In the mid 1950s Paul Sills asked his mother to return to Chicago to direct Juno and The Paycock at Playwrights Theatre Club. Playwrights grew out of the dramatics club at the University of Chicago, where Sills attended. The University had no drama department so Sills and group of fellow students created their own theater. In the winter of 1952, he began running workshops in his mother’s theater games in hopes of building an ensemble. The company included Elaine May, Mike Nichols, Ed Asner, Barbara Harris, Joyce Piven, Eugene Troobnick, and Sheldon Patinkin. Playwrights opened in a converted Chinese restaurant in Hyde Park in 1953 with Brecht’s The Caucasian Chalk Circle, directed by Sills, and went on to produce many classic, new, and original plays. It is considered the beginning of the Chicago Off-Loop theater movement.

In 1955 Playwrights Producer David Shepherd and Paul Sills were forming a new improvisational revue-style theater called Compass. Shepherd invited Spolin to run workshops with the players (Nichols, May, Harris, as well as Roger Bowen, Andrew Duncan, and others). Members of the company wrote scenarios that the group would improvise from, and then improvise shorter scenes to round out the evening. Now widely viewed as the first modern improvisational theater, Compass’ innovations were in large part based on the teaching of Spolin.

THE SECOND CITY (1959 - 1965)

Sills opened The Second City in 1959 with friend Howard Alk and producer Bernie Sahlins. A smart satirical revue, The Second City was an immediate hit with audiences. The company developed their sketch material in workshop through improvisation, and closed the evening with a shorter improvised set. Again, Sills asked his mother to come to Chicago to run workshops to train the company in her methods. She once joked that a two-week visit turned into a seven-year stay.

By now separated from Ed Spolin, she settled into the Lincoln Hotel and became Director of Workshops at The Second City. She worked with cast members such as Richard Schaal, Avery Schreiber, Del Close, Mina Kolb, Hamilton Camp, and many others. Here she discovered and explored her innovative Transformation exercises. She also offered workshops to the public, including youth classes.

During this time, inspired by her work with the cast of The Second City, she began gathering her thoughts about her life’s work and started writing what would become Improvisation for the Theater.


In 1963, Improvisation for the Theater was published by Northwestern University Press. The theater and educational communities greeted Spolin’s theater games and groundbreaking teaching methods with excitement and enthusiasm. Countless improvisational theater troupes were founded across the country.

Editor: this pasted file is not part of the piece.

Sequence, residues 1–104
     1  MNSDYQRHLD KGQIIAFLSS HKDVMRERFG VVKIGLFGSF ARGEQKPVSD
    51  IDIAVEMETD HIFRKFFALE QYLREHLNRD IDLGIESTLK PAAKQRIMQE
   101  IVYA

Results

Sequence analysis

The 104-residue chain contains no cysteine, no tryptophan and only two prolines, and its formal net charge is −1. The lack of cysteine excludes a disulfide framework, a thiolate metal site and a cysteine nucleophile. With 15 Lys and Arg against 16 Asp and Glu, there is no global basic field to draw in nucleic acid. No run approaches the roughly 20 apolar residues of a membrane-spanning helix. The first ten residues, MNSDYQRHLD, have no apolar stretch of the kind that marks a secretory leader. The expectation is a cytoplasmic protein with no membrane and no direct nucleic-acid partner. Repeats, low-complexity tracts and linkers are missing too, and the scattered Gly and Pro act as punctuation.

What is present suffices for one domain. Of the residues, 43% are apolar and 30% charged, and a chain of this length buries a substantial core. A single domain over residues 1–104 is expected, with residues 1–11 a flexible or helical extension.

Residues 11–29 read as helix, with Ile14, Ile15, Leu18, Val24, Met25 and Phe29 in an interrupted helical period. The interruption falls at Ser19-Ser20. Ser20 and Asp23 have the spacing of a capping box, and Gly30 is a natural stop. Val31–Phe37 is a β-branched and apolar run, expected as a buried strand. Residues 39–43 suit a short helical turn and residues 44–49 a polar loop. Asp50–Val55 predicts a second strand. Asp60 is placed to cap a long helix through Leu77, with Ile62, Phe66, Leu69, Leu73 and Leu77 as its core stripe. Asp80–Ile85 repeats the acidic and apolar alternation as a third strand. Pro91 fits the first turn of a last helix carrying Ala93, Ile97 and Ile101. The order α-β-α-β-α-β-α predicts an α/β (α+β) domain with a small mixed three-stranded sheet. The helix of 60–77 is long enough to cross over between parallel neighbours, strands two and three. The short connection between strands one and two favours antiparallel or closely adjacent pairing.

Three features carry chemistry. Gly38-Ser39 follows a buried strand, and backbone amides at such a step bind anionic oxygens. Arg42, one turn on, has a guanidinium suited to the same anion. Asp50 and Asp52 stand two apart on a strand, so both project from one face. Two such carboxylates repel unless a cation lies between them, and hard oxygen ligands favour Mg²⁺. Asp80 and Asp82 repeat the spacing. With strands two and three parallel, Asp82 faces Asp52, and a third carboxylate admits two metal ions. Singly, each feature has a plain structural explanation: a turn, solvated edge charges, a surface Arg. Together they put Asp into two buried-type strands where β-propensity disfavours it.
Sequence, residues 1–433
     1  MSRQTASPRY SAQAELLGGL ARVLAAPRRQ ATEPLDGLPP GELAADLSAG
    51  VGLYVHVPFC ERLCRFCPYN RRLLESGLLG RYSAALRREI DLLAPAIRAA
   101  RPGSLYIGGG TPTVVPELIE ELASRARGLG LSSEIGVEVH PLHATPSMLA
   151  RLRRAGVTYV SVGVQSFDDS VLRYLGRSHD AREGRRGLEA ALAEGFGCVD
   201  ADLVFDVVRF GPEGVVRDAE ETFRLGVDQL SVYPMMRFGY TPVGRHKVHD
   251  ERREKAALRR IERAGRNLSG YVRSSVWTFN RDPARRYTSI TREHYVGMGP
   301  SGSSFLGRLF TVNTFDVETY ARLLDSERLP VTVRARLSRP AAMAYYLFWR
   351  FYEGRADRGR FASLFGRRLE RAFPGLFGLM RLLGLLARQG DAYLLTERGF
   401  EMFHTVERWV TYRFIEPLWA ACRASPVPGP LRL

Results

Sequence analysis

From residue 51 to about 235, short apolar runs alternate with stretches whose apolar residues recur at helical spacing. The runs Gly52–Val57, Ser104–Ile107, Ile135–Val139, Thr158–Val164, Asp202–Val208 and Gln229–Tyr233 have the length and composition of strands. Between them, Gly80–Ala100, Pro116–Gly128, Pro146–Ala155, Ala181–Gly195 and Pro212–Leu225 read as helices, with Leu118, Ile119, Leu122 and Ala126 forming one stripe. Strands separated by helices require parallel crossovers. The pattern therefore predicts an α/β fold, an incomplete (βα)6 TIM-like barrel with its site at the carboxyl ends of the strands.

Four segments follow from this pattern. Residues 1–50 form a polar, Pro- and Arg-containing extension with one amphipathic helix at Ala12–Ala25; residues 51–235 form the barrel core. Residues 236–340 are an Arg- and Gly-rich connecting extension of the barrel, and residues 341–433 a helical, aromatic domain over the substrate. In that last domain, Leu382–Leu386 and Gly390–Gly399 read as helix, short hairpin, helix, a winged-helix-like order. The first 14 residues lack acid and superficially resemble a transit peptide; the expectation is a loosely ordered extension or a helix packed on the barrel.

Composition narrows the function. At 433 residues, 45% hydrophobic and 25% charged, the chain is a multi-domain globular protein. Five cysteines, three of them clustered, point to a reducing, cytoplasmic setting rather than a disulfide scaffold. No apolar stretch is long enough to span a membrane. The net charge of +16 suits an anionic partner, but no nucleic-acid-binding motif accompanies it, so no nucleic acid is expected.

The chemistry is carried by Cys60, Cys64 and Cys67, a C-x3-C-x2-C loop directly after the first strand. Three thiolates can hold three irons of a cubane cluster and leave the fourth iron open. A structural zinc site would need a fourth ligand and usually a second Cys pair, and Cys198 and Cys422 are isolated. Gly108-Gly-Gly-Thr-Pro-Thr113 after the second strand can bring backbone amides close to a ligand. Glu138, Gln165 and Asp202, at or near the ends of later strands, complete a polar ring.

Film Quarterly said, “The exercises are artifices against artificiality, structures designed to almost fool spontaneity into being.”

Eric Bentley wrote: “Schiller taught us long ago that we are fully human when we are at play. Shakespeare has the phrase ‘all the men and women merely players.’ I like to think of Viola Spolin's theory and practice as beautifully exemplifying such truths.”

The book is now in its 3rd edition, updated to include the many theatrical discoveries she made after its initial publication.


Paul Sills felt the time had come to begin exploring the theatrical possibilities he’d found emergent in his mother’s work. He considered doing this at The Second City, but ultimately did not wish to change the successful format. He left to form the Game Theater with Spolin and members of the arts community who had been meeting to play Neva Boyd's traditional games in Lincoln Park. All were searching for new forms of creative engagement in the midst of the Vietnam War and the civil rights movement. Spolin remained the Director of Workshops at The Second City until Sahlins and Patinkin asked her to leave once Sills had moved on.

Game Theater audience members were invited to join the company playing theater games in performance, a true expression of Spolin’s concept of the audience as fellow player. (See Roger Ebert and other audience members participating in a Space Walk, in the third photo below.) Spolin often led lively evenings of play, which allowed for further exploration of her work’s potential as a performance medium as well as a teaching system. The theater served as a hub for community groups such as the North Side Cooperative Ministry, Parents School, and Women for Peace.